Hulka Clip Sterilization
One common form of female sterilization is the use of Hulka clips to block the fallopian tubes. The Hulka clip was approved for use in the United States in the 1970′s and was invented in Chapel Hill, North Carolina by Dr. Jaroslav Hulka at the University of North Carolina at Chapel Hill.
The Hulka clip is a small, gold plated stainless steel spring loaded clip. The clip in introduced into the abdominal cavity via a laparoscopic clip applicator. This image shows the open clip in the applicator and the tip of the laparoscope with its fiber optic lighted end. When the clip is placed across the fallopian tube, it is closed and a small spring holds the clip firmly across the tube. The Hulka clip has the advantage of damaging only a very small portion of the fallopian tube- approximately 7mm (the thickness of three quarters stacked on each other).
The Hulka clip causes bilateral tubal occlusion by squeezing a very small portion of the tube. The squeezed portion is deprived of its blood supply and eventually undergoes avascular necrosis (dies and is absorbed by the body). This causes the fallopian tube to be divided in half and the two ends to close up. The Hulka clip is held in place between the two divided tubal segments by a small amount of scar tissue which forms within the clip.
Hulka Clip Reversal
A common misconception is that the Hulka clips can simply be opened to reverse the sterilization process – that the tubes can be unclipped. Unfortunately, tubal ligation reversal for Hulka clips is not as simple as opening the clips. Hulka clip tubal occlusion is reversed by removing the section of the tube with the clip across it and then, using microsurgical techniques, joining the remaining tube segments back together in perfect alignment.
Tubal reversal of Hulka clip tubal occlusion is better than for most other methods of sterilization because such a minimal amount of tube is destroyed in the occlusion process. Approximately 76% of patients at Chapel Hill Tubal Reversal Center become pregnant after a reversal of a Hulka clip sterilization procedure.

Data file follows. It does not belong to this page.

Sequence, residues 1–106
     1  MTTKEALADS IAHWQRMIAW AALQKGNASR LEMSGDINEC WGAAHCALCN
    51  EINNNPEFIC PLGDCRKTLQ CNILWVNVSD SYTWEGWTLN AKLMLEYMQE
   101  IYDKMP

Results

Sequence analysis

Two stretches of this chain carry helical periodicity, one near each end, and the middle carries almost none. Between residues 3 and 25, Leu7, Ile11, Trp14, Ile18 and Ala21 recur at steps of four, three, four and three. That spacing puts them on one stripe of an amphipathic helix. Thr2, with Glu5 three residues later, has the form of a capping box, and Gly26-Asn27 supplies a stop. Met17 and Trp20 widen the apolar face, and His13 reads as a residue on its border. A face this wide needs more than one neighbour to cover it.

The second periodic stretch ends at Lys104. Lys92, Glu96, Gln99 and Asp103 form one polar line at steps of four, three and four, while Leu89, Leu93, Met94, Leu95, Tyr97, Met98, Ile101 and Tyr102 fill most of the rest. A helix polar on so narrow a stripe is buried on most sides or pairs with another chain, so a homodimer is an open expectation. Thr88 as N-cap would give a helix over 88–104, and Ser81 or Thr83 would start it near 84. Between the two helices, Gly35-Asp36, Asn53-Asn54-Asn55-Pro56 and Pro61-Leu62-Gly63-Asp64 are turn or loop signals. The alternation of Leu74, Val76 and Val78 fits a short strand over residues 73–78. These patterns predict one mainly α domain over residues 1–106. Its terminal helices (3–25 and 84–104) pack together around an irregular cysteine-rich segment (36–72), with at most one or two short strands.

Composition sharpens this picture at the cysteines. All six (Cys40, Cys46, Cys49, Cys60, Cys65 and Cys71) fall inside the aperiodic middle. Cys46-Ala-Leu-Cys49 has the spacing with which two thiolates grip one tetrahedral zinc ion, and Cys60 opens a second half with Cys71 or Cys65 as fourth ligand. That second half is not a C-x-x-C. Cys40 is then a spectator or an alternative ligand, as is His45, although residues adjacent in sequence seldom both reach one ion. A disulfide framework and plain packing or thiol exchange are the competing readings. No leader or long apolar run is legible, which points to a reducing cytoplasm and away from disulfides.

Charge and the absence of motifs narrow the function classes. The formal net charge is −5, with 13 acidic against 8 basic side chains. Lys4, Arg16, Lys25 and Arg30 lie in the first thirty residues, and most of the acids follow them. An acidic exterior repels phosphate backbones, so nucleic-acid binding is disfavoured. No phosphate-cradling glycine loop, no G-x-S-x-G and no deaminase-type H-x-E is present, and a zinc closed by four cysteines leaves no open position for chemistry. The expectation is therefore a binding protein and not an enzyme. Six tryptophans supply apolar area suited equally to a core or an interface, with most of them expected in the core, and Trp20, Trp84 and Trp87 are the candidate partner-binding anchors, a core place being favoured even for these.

Common Misconception About Tied Tubes
Many patients seem to imagine the fallopian tube is like a shoe lace which is tied up like a bow to prevent pregnancy. As tubal ligation reversal specialists, we wish it were that easy- then untying tied tubes would be easier!
‘Tying ones fallopian tubes’ is a common language phrase used to describe several different surgical procedures which result in sterilization (a procedure intended to permanently prevent pregnancy). The more correct medical term is bilateral (both sides) tubal occlusion (closure of the fallopian tube).
There are many different ways to occlude (close) the fallopian tubes: ligation and resection (tying and cutting), clips and rings, and coagulation (burning). No matter how the procedure is done the end result causes the tube to close, heal shut, and prevent sperm from fertilizing an egg.
Tubal Sterilization is Reversible
Many people believe tubal sterilization is permanent and irreversible. Although Hulka clip sterilization is intended to be permanent, this procedure is ideal for tubal reversal. The Chapel Hill Tubal Reversal Center is the one medical facility which specializes in tubal ligation reversal.
We have become experts in reversing all types of tubal ligations- or ‘untying’ tubes that have been ‘tied’!
Submitted by Dr. Charles Monteith